An aquifer is a water-bearing geologic formation that can yield usable amounts of water. An aquifer may be a layer of gravel or sand, a layer of sandstone or limestone, or even a body of massive rock such as granite, which has sizeable cracks and fractures. An aquifer may be anywhere from a few feet to several hundred feet thick. Aquifer materials may be classified as consolidated or unconsolidated rock.
The quantity of water a rock can contain depends on the rock's porosity, the total amount of spaces among the grains or in cracks that can fill with water. Sand or gravel contain relatively large interconnected spaces between particles and will generally yield sizeable quantities of water. On the other hand, clay may contain a considerable amount of water and yet the pore spaces are so small that water cannot move freely between them. Therefore, clay layers tend to impede water movement and are not productive aquifers. Crystalline rock, such as granite, contains very little pore space and has very low permeability. However, nearly all bedrock is broken by cracks, fractures or faults, which may enlarge over time. These cracks tend to hold water and, when intercepted by a well, will often yield usable quantities of water.
In many areas there may be multiple aquifers stacked on top of one another. (Fig.1) These distinct layers of water-bearing material are often separated by impermeable layers of clay or rock, which prevent water from moving readily from one aquifer to another. These impermeable layers are generally referred to as confining layers or confining beds. An aquifer, which does not have a confining layer above it, is said to be unconfined or at atmospheric pressure. The upper surface of the saturated zone in such an aquifer is referred to as the water table. In water table aquifers, water may move readily from surface sources such as streams and rivers to groundwater and vice-versa. The water level in these aquifers fluctuates readily with changes in precipitation patterns. An aquifer lying beneath a confining layer is commonly called a confined aquifer. As the water flows beneath the confining layer, the impermeable layer above it essentially traps it. Consequently, the water in the aquifer may be confined under pressure. When a well is drilled into such an aquifer, this artesian pressure will cause the water level in the well to rise above the point where the well intercepted the aquifer. The level to which water will rise into tightly cased wells from aquifers is called the potentiometric surface. If a well is drilled in a low-lying area where the surface of the ground is lower than the potentiometric surface, water will flow from the well under its own pressure, i.e. a flowing artesian well. Since artesian aquifers are overlain by confining layers, recharge to the aquifer can only occur in places where the confining layer leaks, is absent, or where the aquifer is exposed at the ground surface. These areas are known as recharge areas.
Fig.1: Subsurface view of various aquifers. Image courtesy OMAFRA
Groundwater moves by the force of gravity from recharge areas to discharge areas. Groundwater movement is generally very slow, typically only a few feet per year. However, in more permeable zones, such as solution channels in limestone or fractures in crystalline rock, it may move as fast as several feet per day. Groundwater, particularly from the water table aquifers, typically discharges into streams, lakes and wetlands. Where the water table intercepts the ground surface, water can discharge, forming springs or seeps.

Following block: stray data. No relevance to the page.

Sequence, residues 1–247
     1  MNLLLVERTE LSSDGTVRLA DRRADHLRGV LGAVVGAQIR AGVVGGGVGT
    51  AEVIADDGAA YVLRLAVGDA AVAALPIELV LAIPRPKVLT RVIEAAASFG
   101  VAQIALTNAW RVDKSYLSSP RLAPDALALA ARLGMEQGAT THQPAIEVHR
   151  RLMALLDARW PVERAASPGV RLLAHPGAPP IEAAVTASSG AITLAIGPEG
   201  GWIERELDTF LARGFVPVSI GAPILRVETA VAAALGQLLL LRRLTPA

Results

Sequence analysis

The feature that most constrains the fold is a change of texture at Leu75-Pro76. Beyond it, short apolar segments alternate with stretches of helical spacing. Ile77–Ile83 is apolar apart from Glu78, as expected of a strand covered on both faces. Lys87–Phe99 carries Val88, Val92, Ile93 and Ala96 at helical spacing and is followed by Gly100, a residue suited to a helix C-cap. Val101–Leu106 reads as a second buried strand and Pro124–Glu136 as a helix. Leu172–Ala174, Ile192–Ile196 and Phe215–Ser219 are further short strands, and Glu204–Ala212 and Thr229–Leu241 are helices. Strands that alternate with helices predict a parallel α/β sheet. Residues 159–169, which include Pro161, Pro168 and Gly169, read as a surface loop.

Several factors cause groundwater levels to fluctuate. These levels naturally rise and fall because of seasonal patterns of groundwater recharge and storage. Groundwater levels tend to be highest in the spring and lowest in late summer. In late spring, summer and early autumn, evaporation and transpiration by plants use up most of the water that would otherwise recharge the aquifer. At the same time, the aquifer is discharging water into streams, springs and wells. A seasonal decline in groundwater levels results. In the late fall, winter and early spring, most plants are dormant and evaporation rates are low. Consequently, precipitation events during this time of year tend to saturate the soil, stream levels rise, and groundwater recharge occurs, resulting in water level increases.
Longer-term changes in groundwater levels may occur because of climate and pumping changes. Less groundwater recharge will occur during dry years than in wet years. Several years of below normal rainfall will typically result in a gradual decline in water levels. Groundwater levels can also be affected by pumping from wells. When water is pumped from a well, the water level in the well is drawn down, forming a cone-shaped depression on the water surface. This cone of depression is maintained as long as the well is pumping but is usually localized and does not affect other wells in the area. However, when several high-capacity wells are pumping in the same vicinity, the cones of depression may overlap and cause a general lowering of the water level in an area. When this happens during a time of dry weather, the water level may drop to the point that shallower wells in the area go dry and the water level drops below the pump inlet in others.
For more information, click here for an article on "Basic ground-water hydrology" from the US Geological Survey.